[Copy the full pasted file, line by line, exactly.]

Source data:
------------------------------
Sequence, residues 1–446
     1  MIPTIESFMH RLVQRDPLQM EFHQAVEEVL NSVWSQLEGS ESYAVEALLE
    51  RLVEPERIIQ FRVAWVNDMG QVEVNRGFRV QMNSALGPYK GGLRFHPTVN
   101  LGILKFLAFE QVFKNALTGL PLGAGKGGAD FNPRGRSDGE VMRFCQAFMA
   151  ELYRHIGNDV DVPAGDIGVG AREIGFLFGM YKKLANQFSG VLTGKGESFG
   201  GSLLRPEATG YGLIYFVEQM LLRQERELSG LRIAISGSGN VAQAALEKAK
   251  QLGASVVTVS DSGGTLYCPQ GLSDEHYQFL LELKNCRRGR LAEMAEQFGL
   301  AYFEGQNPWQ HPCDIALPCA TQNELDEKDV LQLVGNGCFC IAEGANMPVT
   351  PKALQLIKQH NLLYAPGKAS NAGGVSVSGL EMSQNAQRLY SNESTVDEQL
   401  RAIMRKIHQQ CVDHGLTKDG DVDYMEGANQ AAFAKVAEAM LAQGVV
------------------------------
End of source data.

Sequence, residues 1–446
     1  MIPTIESFMH RLVQRDPLQM EFHQAVEEVL NSVWSQLEGS ESYAVEALLE
    51  RLVEPERIIQ FRVAWVNDMG QVEVNRGFRV QMNSALGPYK GGLRFHPTVN
   101  LGILKFLAFE QVFKNALTGL PLGAGKGGAD FNPRGRSDGE VMRFCQAFMA
   151  ELYRHIGNDV DVPAGDIGVG AREIGFLFGM YKKLANQFSG VLTGKGESFG
   201  GSLLRPEATG YGLIYFVEQM LLRQERELSG LRIAISGSGN VAQAALEKAK
   251  QLGASVVTVS DSGGTLYCPQ GLSDEHYQFL LELKNCRRGR LAEMAEQFGL
   301  AYFEGQNPWQ HPCDIALPCA TQNELDEKDV LQLVGNGCFC IAEGANMPVT
   351  PKALQLIKQH NLLYAPGKAS NAGGVSVSGL EMSQNAQRLY SNESTVDEQL
   401  RAIMRKIHQQ CVDHGLTKDG DVDYMEGANQ AAFAKVAEAM LAQGVV